Hard Weather Makes Good Wood
Hard Weather Makes Good Wood
This record is complex and challenging, but equally rewarding to those who make the effort. The prize? A trip into a man's psyche and the quiet intensity therein.
This project is an amalgam of talents: the music of renegade Ohio composer John Howell Morrison, and performed by the universally acclaimed Intergalactic Contemporary Ensemble (fresh from the world tour promoting "I Dig" Innova 548). Under the direction of the original madman in the rain, Duane Schulthess, they bring to life Morrison's compositions with a resilient brilliance.
One of the freshest voices in American music, John Howell Morrison is no stranger to struggle. His new release on innova, Hard Weather Makes Good Wood, is a fantastical synthesis of the American South,the ferocious chops of the performers, and a creamy blend of electronic and acoustic media.
Combine these elements into a seamless whole and you get a heady, hearty, challenging sound world that shows us a glimpse of the future of chamber music. Morrison has character in buckets and reminds us that surviving life’s storms is what builds us up. Through it all, hard weather makes good wood. Music shouldn't be easy, and this isn't but the rewards are so worth it.
THE COLLEGE 500
"So, while I'm bobbing my head, about six minutes into the piece, a new section starts with the haunting triads of a Beethoven sounding quartet and suddenly you realize the piece has taken you from a porch jam to an 18th century court musicale, and it's all done with a mature composer's knowing hand -- Morrison wins here by employing poetic inference, rather than the worst of 20th century composition devices: self-conscious technical complexity." - Edward Sackett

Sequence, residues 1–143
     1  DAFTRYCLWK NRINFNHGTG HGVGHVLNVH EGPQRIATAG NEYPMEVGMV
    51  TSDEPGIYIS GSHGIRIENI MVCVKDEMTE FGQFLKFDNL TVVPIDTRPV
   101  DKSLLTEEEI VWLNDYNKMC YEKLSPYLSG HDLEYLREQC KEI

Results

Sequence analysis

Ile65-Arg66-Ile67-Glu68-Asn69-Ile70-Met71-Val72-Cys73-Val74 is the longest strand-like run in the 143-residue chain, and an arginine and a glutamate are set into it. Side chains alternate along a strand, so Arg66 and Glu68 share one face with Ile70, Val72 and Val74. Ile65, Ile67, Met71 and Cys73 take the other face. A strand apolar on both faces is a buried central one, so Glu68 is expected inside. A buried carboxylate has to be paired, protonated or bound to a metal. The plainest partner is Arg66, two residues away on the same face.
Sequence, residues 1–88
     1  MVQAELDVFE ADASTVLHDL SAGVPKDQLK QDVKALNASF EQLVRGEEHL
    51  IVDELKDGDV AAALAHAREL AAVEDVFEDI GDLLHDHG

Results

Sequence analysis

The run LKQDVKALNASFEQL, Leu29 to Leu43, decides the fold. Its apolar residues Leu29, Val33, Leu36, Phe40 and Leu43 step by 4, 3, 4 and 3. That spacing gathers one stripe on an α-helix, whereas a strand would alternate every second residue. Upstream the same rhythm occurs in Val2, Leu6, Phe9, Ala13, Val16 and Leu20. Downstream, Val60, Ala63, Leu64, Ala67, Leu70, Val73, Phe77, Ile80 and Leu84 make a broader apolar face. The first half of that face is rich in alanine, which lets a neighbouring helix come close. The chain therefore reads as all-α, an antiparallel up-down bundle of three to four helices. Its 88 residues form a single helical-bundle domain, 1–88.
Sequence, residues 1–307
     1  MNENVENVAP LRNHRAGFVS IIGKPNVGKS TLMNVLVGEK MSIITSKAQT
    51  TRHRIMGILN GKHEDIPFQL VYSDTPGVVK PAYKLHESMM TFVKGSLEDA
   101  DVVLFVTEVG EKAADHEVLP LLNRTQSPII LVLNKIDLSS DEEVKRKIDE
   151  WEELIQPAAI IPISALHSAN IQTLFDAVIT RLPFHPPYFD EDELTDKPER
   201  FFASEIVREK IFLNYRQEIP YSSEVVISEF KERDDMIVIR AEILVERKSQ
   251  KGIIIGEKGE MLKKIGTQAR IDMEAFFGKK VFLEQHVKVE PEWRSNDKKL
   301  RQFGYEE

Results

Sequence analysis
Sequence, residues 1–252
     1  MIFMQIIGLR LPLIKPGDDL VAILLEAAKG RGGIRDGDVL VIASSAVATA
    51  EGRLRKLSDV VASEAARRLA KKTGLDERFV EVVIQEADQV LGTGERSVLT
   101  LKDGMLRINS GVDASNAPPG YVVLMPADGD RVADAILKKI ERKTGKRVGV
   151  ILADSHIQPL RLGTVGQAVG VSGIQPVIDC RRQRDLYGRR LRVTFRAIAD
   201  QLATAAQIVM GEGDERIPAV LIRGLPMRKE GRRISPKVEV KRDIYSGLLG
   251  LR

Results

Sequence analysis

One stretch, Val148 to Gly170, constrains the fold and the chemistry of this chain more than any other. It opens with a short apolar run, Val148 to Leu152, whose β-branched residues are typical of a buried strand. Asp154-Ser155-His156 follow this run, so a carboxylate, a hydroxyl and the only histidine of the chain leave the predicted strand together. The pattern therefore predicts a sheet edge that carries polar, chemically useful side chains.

LOS ANGELES TIMES "
Another potent piece, John Howell Morrison's "Hard Weather Makes Good Wood," establishes a more abstract narrative tension. In this story, a string quartet plays woodsy, folk-inspired textures but is goaded into harsher terrain when ghostly passages of angst-laden taped sound enter the mix." - Josef Woodard
NEW MUSIC CONNOISSEUR
A longtime Cleveland resident who was recently appointed to a faculty position at Cambridge 's Longy School of Music, John Howell Morrison's oeuvre is unusual and remarkable. Unlike most other composers, he's willing to lay himself painfully open in his works, confronting private demons head on for all to see. The result is edgy, strange, and engrossing.
Stylistically, Morrison shows an unusual take on Downtown aesthetics. The music has a strong folk and pop feel and readily traffics in patterned figuration, but easily accommodates avant-garde elements such as microtones, glissandi, clusters, and extended techniques. While material often unfolds slowly, it doesn't take eons to make its point. And best of all, here's a tonemeister in this style who isn't averse to thinking architecturally. For example, the seven short divisions of the solo harpsichord selection My Love Lives Down That Long Dirt Road (1992) do not co-exist haphazardly in the same nest; movements one, three, and five are variants of each other, giving this character piece set a modified rondo overlay. And the title track (1999) allows its nervous string quartet music to be swamped on three occasions by an aggressive, sludgy tape backing; each time, the quartet regroups and comes back more assured -- on the last occurrence providing a clear recapitulation of opening material.
The Heart Poems (2001) is the best example of the aforementioned personal quality of Morrison's ethos. Here, he sets low-key yet wrenching poetry written by his mother-in-law that unflinchingly addresses her own bout with open-heart surgery. Despite a somewhat more New Tonalist approach here that owes something to Broadway stylings, this is evocative and simple yet respectful stuff. In fact, his artless composing more acutely points up these desirable qualities.
The violin and tape selection Rising Blue (1997) is the least naked of these entities, though there's no shortage of evocative personality. Its large concluding section, for example, exudes a thudding, elephantine sense of fun.
Performances are excellent. Members of the Minnesota-based Intergalactic Contemporary Ensemble do a strong job with these deceptively challenging compositions. Soprano Maria Jette's solid yet uncluttered singing and able diction suit The Heart Poems well. And My Love benefits strongly from Vivian S. Montgomery's clean technique and nicely-paced phrasing. Sound and production are fine.
There's a huge risk in writing such fare, as it's all too easy to produce embarrassing, solipsistic music this way. Rest assured, that's not the case here. Very highly recommended. - David Cleary